President Obama is withdrawing 9.8 million acres of the Beaufort and Chukchi seas from future oil and gas lease sales. Today’s announcement comes in conjunction with the Department of Interior’s draft five-year offshore plan. Sen. Lisa Murkowski has already described it as a gut punch to Alaska’s economy. Secretary of Interior Sally Jewell says the withdrawals are limited to small areas of the Beaufort, a 25-mile buffer along the Chukchi Coast and the area around the Hanna Shoal, northwest of Barrow. Except for the Hanna Shoal, Jewell says the proposed withdrawals are already off limits in the current five-year plan.
“They already were deferredfrom oil and gas leasing. And I don’t think anybody who looks at those maps would say that that is an unreasonable amount,” she said in a call with reporters.
Alaska Congressman Don Young says the draft puts “massive portions of the Beaufort and Chukchi off limits” to leasing. Young says President Obama is treating Alaska like an “eco-theme park” to please his allies.
The off-shore plan is drawing daggers from environmentalists, too. Greenpeace, the Center for Biological Diversity and other groups claim the plan will aggravate climate change and creates the risk of an oil spill in a region with no infrastructure to support a cleanup.
Hanna Shoal is home to a diverse range of fish species and marine mammals. That withdrawal is about 1.6 million acres, or some 300 lease blocks. Ten of those blocks there are currently leased, three to Shell, according to a spokesman for the Bureau of Ocean Energy Management. The president’s order, though, says the rights of those leaseholders are unchanged. Jewell says the withdrawal has no affect on Shell, the only operator close to exploratory drilling in the Chukchi.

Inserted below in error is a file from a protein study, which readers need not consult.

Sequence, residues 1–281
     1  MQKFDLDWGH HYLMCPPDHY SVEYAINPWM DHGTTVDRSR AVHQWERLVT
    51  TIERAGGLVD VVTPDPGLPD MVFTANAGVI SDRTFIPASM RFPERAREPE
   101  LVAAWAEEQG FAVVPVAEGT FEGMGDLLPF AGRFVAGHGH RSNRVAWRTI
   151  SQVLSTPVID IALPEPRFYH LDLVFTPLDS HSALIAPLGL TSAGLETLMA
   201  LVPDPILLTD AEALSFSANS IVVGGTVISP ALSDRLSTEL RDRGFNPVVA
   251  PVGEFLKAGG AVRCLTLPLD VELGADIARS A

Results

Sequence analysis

“There’s nothing that we’re announcing today that impacts Shell’s plans. They have valid existing leases. We’ve been working very, very closely with them to support the activities that they want to do up there but to make sure that there done in a safe an environmentally safe way,” she said.
In a statement, Shell spokesperson Megan Baldino says the company is focused on exploring its existing leases in the Chukchi. But the company hasn’t announced whether it will restart its Arctic exploration program this summer. Shell has spent more than $6 billion so far and has asked the government to extend its leases. The earliest are set to expire in 2017.
On Sunday, the Obama administration angered Alaska officials by announcing it will seek wilderness status for the coastal plain of the Arctic Refuge, which would preclude development. Sen. Murkowski this week called Obama and Secretary Jewell indifferent to the people of Alaska.
Jewell says she respects the senator’s passion.
“On the personal side: I worked on the (Trans-Alaska) Pipeline when I was a college student,’ Jewell said. “I have visited Alaska dozens of times. I love the state.”
Jewell is planning a trip to Kotzebue next month, to go on an Alaska Federation of Natives retrear. She says she looks forward to demonstrating her belief in balanced resource development and in listening to all sides.
“I’m committed to doing that. And I look forward to coming to the state,” she said. “And I hope I am welcomed.”
News Director Lauren Rosenthal of member station KUCB contributed to this story.